Free to Be Me
by Linda Gilden
“If it is possible, as far as it depends on you, live at peace with everyone.”
I stared in disbelief at the email before me. I had just spent over twenty minutes composing an email to my good friend. We hadn’t seen each other in a while and I was filling her in on all that had happened, asking her a few questions, and hoping she would reciprocate. And her reply was five words.
Before I let my feathers get ruffled, I realized we were both communicating in the style that was common for our personalities.
Joy was a no-nonsense, powerful choleric personality. When she received an email, she wanted to reply and check that off her list so she could move on to the next thing. It made sense to her to reply concisely. After all, who needed all the details and extra words? She answered my questions so now I had all the information I needed.
Conversely, my purposeful melancholy personality wanted to be part of her life and know what was going on with her family. I wanted details because I cared deeply about what was going on in her life. But I understood our different personalities and wanted to keep our friendship strong.
One year I attended a CLASS seminar where the curriculum included a segment on the four personalities and the strengths and weakness of each one. As each personality was addressed, I diligently searched for where I fit in.
Playful sanguine. No, I am definitely not a party girl. The less attention I draw to myself the better.
Powerful choleric. Although a list maker, I didn’t feel too powerful and much preferred being an “Indian” rather than a “chief.”
Peaceful phlegmatic. Hmm. Do I really enjoy relaxing? Not so much!
Perfect melancholy. Bingo! My perfectionist tendencies were making me harshly judgmental. And I was not the only one in the world who wanted to withdraw rather than interact in a crowd. Often when dining with friends, I listen intently to the conversation but rarely join in. Many people think I am antisocial but shy and more reserved are better descriptors.
Just a short introduction to the personalities and I was an avid student. I wanted to know all I could to build better relationships with others. With a little understanding, I could interact more with others and communicate in ways they would understand.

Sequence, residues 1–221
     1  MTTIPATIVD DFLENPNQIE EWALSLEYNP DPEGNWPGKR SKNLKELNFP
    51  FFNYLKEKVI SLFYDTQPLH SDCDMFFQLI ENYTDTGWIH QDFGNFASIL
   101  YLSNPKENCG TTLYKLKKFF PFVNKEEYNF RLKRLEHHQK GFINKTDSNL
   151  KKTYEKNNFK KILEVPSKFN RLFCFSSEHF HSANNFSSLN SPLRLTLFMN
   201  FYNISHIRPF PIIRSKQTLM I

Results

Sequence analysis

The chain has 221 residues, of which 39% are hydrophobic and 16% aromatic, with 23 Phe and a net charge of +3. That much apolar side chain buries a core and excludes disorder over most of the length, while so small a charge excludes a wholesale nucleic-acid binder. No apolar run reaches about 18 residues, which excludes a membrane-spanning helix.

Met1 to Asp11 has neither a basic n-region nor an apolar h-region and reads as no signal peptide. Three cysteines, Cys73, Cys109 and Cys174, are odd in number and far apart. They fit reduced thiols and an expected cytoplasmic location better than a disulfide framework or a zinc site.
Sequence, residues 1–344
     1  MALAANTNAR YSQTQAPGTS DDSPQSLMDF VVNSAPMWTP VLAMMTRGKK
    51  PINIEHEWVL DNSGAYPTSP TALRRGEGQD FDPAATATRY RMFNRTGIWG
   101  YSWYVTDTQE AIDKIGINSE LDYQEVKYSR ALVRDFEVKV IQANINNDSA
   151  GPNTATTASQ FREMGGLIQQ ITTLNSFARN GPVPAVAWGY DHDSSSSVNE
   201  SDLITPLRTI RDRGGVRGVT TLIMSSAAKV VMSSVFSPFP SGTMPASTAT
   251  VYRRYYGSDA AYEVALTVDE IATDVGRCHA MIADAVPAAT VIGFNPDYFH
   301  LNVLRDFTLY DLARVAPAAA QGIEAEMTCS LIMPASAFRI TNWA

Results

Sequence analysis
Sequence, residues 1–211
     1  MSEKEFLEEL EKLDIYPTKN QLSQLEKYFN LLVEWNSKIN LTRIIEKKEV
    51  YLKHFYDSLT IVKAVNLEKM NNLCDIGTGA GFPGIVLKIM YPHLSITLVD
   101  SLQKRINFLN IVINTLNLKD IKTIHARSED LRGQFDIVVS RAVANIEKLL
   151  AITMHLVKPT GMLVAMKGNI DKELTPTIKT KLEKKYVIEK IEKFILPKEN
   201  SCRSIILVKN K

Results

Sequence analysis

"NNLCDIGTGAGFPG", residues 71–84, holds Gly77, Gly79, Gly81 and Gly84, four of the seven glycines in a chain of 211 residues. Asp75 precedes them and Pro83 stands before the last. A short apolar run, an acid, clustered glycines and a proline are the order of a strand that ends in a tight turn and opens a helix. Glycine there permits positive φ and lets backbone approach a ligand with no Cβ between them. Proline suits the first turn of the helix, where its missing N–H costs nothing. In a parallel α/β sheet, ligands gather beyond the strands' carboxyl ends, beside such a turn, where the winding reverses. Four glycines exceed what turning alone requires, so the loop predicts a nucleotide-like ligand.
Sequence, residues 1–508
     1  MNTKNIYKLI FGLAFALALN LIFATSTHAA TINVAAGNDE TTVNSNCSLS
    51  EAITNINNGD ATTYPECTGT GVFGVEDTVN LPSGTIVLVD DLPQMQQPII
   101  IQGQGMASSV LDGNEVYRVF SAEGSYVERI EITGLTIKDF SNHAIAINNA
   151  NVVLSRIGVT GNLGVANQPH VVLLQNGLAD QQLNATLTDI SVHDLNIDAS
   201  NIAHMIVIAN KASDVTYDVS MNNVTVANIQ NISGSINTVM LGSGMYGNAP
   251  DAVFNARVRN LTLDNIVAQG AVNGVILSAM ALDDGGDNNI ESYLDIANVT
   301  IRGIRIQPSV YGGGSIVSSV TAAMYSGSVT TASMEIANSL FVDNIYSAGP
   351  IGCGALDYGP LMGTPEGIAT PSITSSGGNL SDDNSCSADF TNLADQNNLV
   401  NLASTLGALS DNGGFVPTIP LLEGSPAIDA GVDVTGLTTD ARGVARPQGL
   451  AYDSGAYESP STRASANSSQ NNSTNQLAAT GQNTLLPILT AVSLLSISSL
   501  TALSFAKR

How freeing! It was okay to be me – just like I was! I didn’t have to try to act in any way other than what felt natural. God made me just the way I was.
As a young adult my feelings were easily hurt by a word, an action, or lack of an action from a friend. I didn’t realize how different personalities viewed life and how just a little understanding could change the course of most relationships.
For many years I felt inferior to my colleagues because I didn’t like to participate in large groups, I was uncomfortable in the presence of people I didn’t know, and my self-confidence was sometimes lacking. But now I could walk with my head held high, confident that I was made in the image of God to be exactly what I wanted to be – me! With the realization that I could be confident in who I was even though I wasn’t like most people I knew, I became comfortable being myself. I was able to step out to try new things. I even became more gregarious when in groups.
Not only could I be myself without apology or guilt because I wasn’t like everyone else. I became more tolerant of others because I understood that one of my strengths is perfectionism. I quickly learned perfectionism was a weakness as well when I applied it to others. I gave others permission to be themselves.
The familiar verse, Psalm 139:14, “I praise you because I am fearfully and wonderfully made; your works are wonderful. I know that full well,” acknowledges the uniqueness of every individual. God made each of us as individuals.
When we understand that God made each of us unique and our personalities fall into one of four categories, we can do what it takes to get along with our family and friends. Romans 12:18 says, “If at all possible, as far as it depends on you, live at peace with everyone.” It does depend on us.
If we can remember to speak with animation to those who are playful sanguines, be succinct in conversations with powerful cholerics, tread carefully around the sensitive feelings of the purposeful melancholy, and spare the copious details with the peaceful phlegmatic, we will communicate effectively and in a way that our words will be well received.
Most of all remember that we are all God’s children. No matter what personality, we can encourage each other and help each other grow into the man or woman God intended.
Linda Gilden is an author, speaker, editor, and writing coach. Her recently coauthored book, Personality Perspectives, helps readers understand how to build better relationships with those around them through an understanding of the personalities. Linda loves encouraging others in their writing journeys. Linda lives in SC with her husband, three adult children, and the four cutest grandchildren in the world!